What Is Mold Testing?

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  • Written By: Mary McMahon
  • Edited By: O. Wallace
  • Last Modified Date: 13 November 2014
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Mold testing is a procedure which is performed to look for signs of mold in a building. While mold testing cannot necessarily identify the species of mold present, or where it is located, it can be used to gather information about mold populations. Some environmental quality agencies will conduct mold testing by request, and people can also order testing through private labs, which will sometimes send out representatives and sometimes send out a test kit for people to collect samples with.

One of the important things to be aware with when conducting tests to look for mold is that mold is naturally present in all structures. Molds are very diverse, and not all of them are harmful. It would be extremely surprising to conduct a mold test and see no signs of mold, so when a test is positive, it does not necessarily mean that there is a problem. Mold tests also provide only a sampling of a particular point in time, which means that all of the molds present may not be identified, and if toxic molds are present, the mold testing will not determine whether or not they are emitting toxins.


Some mold testing is conducted with handheld sniffers which check for spores of specific molds in the air. These sniffers can be sensitized to detect particular mold genera or species, providing a quick assessment of the types of mold which may be present. Other testing involves collection of samples from areas where mold tends to grow, including samples from mold colonies which can be analyzed to determine what kind of mold is growing.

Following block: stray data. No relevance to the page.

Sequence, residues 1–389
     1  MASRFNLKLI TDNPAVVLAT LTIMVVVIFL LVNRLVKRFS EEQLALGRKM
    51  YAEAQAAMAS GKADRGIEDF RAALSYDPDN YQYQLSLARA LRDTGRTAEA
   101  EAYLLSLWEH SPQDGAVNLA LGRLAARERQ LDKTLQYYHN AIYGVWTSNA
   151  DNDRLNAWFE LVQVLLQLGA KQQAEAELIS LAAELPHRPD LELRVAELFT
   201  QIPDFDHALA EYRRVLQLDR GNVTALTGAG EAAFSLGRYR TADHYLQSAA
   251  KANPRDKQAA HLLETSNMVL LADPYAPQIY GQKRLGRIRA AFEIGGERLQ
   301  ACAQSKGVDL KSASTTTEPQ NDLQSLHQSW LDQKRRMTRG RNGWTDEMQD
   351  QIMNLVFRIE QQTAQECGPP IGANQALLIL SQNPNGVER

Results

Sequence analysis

People sometimes request mold testing because they are convinced that molds are causing health problems, or because they plan to use the results of the testing to pursue legal action against someone else. Consumers should be aware that mold testing varies widely in scope and quality, and that it can be easy to waste a lot of money on testing for mold. If, for example, mold colonies are present in a home, tenants can document the colonies and ask their landlord to take action if the mold is growing because of something the landlord did, and they don't need to conduct mold testing to determine whether or not mold is present, since the mold is clearly visible.

If people detect the smell of mold or see a mold colony, they should track down the colony, eliminate it, and remove the source of moisture which is allowing the mold to grow. Mold testing in these situations is generally not necessary, unless the structure has a documented problem with toxic molds and there are concerns that special measures may need to be taken during cleanup to avoid inhaling mycotoxins or spreading spores by accident.


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